- We also have excellent diplomats at the Ministry, who are ranked among the most successful. We take due care to choose the most appropriate staff for each diplomatic mission. In principle, at an increasing number of diplomatic missions, the economic diplomacy capacities are of the outmost importance. It is this type of staff that we are profiling now and intend to keep profiling in the future. Considering that, at this juncture, Macedonia is still outside NATO and the EU, economic development is and will be of paramount importance to our country, both prior and after we become part of NATO and the EU, where major political and economic goals can be pursued. Therefore, we will have to commit all our resources onto the promotion of Macedonia as a business destination. In this context, we do indeed work in a very competitive global setting. Our diplomats will have to possess the necessary capabilities for this type of promotion. Nowadays, you have to be specialized in a given field. You cannot have influence over everything. You have to focus your efforts. You choose what is of the greatest importance for you and you focus on that. This is of even greater significance for a small country such as ours. I believe that our diplomacy needs to specialize in the field of economic promotion. This does not mean that we are not pursuing diplomatic efforts in other fields. We have to adopt the concept that almost all of our diplomats will have to work on several fronts, with the business component being the most important at many diplomatic missions. This is how you can directly fulfil tax payers’ expectations.

What is the exact number of staff at the Ministry of Foreign Affairs?

- The Ministry currently employs 504 diplomatic and non-diplomatic staff in total.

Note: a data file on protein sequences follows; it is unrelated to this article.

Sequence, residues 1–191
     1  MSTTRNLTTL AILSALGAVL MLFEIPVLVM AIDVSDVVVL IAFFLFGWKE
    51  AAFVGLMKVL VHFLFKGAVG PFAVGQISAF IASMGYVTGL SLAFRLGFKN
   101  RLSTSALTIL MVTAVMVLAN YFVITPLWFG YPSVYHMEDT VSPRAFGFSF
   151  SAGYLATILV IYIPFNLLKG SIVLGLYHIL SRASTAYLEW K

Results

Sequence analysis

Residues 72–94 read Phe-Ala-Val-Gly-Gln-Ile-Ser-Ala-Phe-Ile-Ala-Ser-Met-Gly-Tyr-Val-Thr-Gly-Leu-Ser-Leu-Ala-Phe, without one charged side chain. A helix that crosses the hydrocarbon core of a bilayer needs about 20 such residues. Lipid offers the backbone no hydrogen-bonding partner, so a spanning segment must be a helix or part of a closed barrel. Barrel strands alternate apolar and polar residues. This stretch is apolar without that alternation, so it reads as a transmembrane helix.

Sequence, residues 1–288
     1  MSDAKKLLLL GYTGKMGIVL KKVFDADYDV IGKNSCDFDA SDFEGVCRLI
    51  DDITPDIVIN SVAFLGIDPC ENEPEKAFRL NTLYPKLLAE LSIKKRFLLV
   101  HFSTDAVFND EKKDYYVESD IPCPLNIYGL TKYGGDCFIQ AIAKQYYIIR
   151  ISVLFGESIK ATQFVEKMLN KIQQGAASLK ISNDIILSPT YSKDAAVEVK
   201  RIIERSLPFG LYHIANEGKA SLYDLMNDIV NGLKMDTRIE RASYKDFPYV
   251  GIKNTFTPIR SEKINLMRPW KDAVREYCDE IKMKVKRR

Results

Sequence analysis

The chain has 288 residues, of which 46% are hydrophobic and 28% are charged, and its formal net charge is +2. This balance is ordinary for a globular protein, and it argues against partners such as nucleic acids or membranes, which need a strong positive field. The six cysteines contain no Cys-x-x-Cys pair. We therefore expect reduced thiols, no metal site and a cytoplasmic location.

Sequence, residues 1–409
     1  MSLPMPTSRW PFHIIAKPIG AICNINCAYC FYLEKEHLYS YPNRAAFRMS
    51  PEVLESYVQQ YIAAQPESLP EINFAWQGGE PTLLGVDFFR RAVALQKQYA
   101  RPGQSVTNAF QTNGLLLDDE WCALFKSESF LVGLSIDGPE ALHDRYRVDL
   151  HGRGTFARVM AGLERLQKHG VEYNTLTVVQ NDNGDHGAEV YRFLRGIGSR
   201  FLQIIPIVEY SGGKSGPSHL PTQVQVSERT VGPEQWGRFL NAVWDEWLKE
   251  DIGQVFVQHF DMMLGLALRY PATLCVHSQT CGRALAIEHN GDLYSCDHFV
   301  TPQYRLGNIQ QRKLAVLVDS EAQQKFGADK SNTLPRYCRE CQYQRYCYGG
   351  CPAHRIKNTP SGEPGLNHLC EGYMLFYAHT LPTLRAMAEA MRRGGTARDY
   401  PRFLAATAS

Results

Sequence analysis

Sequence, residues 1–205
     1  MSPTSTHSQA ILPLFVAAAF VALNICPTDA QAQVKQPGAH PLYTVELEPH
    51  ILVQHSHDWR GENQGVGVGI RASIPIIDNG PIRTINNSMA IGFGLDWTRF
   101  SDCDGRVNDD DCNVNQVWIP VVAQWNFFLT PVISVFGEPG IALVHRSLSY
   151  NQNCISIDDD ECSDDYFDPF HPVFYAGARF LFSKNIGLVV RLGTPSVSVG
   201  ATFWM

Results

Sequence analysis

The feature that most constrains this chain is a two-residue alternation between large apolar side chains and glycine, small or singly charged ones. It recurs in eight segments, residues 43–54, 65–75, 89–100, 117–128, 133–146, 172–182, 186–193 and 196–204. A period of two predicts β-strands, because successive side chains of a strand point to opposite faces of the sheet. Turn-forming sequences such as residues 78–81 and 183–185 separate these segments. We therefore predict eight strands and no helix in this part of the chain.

We will not close down embassies

What are the key problems facing Macedonian diplomacy at present?

- The key problems are probably related to factors which are the least in our control: the frustrations that we all feel because of the illogical and unlawful obstruction of our Euro-Atlantic integration by a neighbouring country.

The embassies say that they are understaffed, that there are insufficient assets, that there are no conditions. Have you considered closing some embassies, following the example of some other countries during the financial crisis?

- No, that would be the most radical approach. In fact, in the short run, closing embassies does not cut costs; on the contrary, it increases costs owing to relocations, penalties, transport, fixed disbursements that have been undertaken etc. You can hope for some savings at least a year later. We need to ensure our strategic presence and not close missions with every economic cycle.

On Dimitrov’s resignation: “Some staff leaving and other staff coming in is a natural process”.

What do you make of the resignation by Nikola Dimitrov? The prevailing opinion is that the Ministry and the state have lost a quality diplomat. There are many speculations amongst the general public as regards the reasons for his move.

- Yes, we have had excellent cooperation. In the West, it is only natural that some staff leave and new staff come in at any organization.

Where have your ideas for introducing “religious” or “healthcare” diplomacy come from? What does it mean exactly?

- Frankly, I do not recall having used those terms. It appears that a trend has developed to place all kinds of adjectives before the term “diplomacy”. However, I think it is more important to note that we have informed the embassies of the need to identify established institutions for cooperation in the healthcare area. It is beneficial that they work on opening new fields of cooperation. Our goal is to find venues for quality training of our medical staff. In this context, we also promote tourism with a healthcare element in Macedonia.